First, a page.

29 Mar

The New Digital Economy Demands a New Approach to Rights and Royalties


In the new digital economy the traditional approach to paying professionals to create content is changing. User-generated and crowd-sourced content require a new approach: the creatives may provide it for free up front, but they expect to be paid if it’s successful. Business models for sharing revenue are becoming more sophisticated and complex.

The model was pioneered by YouTube – which created a new generation of video producers and vlog stars, rewarding popular content with a cut of advertising revenues. Many other digital content sites have since sprung up, based on user-created or freelance content with a variety of financial models.

For example, Medium.com provides a publication platform for longer-form writing. Lynda.com shares high-quality business, creative and tech training sourced from a wide range of thought leaders. Amazon enables self-publishing. Other sites provide platforms for unsigned musicians or stock-shot photographers.

A new approach to paying for content

The conventional publishing business relies on editors to select content, and authors to be paid advances to complete the work. The risk is carried by the publisher and depends on their skill in picking popular content. It’s a model that was designed for physical print – where publishing and distribution costs limited the number of titles that could ever be made available.

In digital, the shelf space is infinite and user recommendations and smart algorithms take the place of editors. Authors and creatives provide their material for free, hoping they’ll attract enough eyeballs to collect a slice of revenue.

This means the back-office systems used to manage content and calculate income and royalties look completely different from those in a traditional publishing business.

A radically different approach to managing royalties

A new digital economy business makes its income from a mix of advertising, affiliates, personal and corporate subscriptions, micropayments, re-licensing – a whole range of revenue sources.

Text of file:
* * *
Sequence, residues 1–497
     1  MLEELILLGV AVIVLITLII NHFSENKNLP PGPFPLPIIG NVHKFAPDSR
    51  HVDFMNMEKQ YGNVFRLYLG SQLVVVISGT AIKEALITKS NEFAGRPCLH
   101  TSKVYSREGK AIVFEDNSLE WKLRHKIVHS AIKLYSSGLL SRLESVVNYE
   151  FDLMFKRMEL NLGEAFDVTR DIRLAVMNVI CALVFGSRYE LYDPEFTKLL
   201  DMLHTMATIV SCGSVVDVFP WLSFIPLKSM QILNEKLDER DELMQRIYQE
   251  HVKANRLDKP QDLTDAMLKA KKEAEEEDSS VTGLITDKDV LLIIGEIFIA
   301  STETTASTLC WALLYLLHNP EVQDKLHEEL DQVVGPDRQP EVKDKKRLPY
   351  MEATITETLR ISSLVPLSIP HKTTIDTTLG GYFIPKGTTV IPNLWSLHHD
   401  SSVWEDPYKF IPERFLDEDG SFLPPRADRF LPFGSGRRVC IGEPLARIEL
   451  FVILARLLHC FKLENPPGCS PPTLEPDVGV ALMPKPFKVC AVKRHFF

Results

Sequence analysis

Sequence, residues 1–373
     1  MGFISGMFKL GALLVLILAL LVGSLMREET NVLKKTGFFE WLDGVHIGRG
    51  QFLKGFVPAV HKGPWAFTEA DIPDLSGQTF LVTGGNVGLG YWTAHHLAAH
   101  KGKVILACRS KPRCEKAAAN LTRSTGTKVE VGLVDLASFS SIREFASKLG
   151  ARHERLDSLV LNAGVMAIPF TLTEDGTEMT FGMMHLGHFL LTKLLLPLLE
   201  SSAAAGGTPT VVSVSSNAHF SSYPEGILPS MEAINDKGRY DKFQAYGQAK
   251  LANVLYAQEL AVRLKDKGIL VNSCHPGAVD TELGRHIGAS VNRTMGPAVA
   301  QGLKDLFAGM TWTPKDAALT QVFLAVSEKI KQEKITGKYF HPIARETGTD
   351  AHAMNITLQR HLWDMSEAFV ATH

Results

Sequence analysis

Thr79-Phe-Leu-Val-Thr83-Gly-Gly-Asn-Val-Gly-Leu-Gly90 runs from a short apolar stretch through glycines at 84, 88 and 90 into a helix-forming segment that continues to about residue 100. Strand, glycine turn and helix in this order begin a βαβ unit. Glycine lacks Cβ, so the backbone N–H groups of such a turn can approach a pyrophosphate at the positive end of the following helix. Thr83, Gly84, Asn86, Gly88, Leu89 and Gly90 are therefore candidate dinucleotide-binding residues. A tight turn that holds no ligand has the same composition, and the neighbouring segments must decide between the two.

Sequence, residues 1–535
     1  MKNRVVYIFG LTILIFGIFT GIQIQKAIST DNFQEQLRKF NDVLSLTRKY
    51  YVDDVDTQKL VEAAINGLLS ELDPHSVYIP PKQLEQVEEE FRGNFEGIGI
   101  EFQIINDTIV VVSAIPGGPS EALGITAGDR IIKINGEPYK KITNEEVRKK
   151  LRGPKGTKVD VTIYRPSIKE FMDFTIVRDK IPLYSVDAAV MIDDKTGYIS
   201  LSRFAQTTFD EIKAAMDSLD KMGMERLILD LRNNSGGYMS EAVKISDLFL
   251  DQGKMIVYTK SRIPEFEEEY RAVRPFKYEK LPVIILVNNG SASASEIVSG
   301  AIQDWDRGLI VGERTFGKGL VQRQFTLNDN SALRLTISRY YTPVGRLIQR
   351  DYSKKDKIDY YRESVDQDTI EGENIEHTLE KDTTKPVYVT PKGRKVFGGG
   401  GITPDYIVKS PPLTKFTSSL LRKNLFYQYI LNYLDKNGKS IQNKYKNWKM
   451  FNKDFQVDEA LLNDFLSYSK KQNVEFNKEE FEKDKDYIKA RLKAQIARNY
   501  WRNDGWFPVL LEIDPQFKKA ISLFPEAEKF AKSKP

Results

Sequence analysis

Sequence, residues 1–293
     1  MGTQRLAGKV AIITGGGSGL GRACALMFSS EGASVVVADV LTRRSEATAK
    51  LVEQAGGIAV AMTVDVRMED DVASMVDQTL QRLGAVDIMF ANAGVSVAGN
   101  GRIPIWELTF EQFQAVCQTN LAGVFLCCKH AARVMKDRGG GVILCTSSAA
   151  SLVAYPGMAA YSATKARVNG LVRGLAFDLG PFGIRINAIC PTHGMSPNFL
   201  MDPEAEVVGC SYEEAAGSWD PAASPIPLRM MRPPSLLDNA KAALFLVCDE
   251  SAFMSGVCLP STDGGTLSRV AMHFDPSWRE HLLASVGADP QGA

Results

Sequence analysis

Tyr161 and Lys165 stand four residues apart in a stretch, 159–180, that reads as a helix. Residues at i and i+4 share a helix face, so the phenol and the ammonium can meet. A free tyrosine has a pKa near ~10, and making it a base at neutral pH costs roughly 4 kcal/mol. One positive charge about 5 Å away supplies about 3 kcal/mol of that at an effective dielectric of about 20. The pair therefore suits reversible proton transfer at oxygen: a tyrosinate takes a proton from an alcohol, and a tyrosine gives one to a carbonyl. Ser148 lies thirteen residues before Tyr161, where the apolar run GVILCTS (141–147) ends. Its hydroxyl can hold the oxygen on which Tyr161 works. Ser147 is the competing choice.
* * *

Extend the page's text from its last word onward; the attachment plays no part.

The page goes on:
In turn, a contributor’s paycheck can be based on a complex formula linked to many factors such as:

  • total number of site users and content streams
  • number of paying users in different tiers
  • overall volume of advertising revenue
  • site marketing and running costs
  • an individual contributor’s share of total streams
  • user ratings, shares and reviews received by each piece of a contributor’s content
  • promotional incentives

Innovation in the new digital economy is as much about business model as technology – so these calculations will continue to evolve and will become more sophisticated as digital publishers compete with each other to attract the best content.

Rights and royalties tools designed for the digital future

Legacy rights and royalty management platforms designed for print publishing and a small volume of transactions simply won’t cut it in new digital economy businesses. In fact, they often cannot handle the complex calculations and do not have the performance to support an extremely high volume of micro-transactions. Many are still on-premise solutions – totally out of step with the cloud-based content businesses they need to support.

Digital businesses are instead deploying tools like FADEL IPM Suite in the cloud to underpin their business model innovation and streamline high-volume, yet complex and flexible, royalty calculations. These next-generation content businesses recognize the importance of advanced business systems to support their fast-changing business and future growth.


Categories associated with this post: Royalty Management
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Robert Ambrose

Robert Ambrose (@rambrose) is Director of Strategy and Business Development for Europe at FADEL, a global provider of enterprise-class intellectual property rights and royalty management software. He works with media, entertainment, publishing and high tech companies to transform their approach to exploiting content, brands and IP.

Robert is focused on enabling organizations to engage customers and audiences, and to maximize profitable revenues through an effective cross-platform content supply chain and efficient back office operations.

Robert has more than 25 years of hands-on experience in the media industry, expert knowledge of digital media technology, production process and market drivers. He has previously worked as a broadcast journalist, media technology consultant, with major technology vendors, and as an industry analyst.

He has extensive international experience, working directly with media companies in Europe, the Middle East, Africa, Asia and North America. Robert holds an MBA with Distinction from Imperial College, London.

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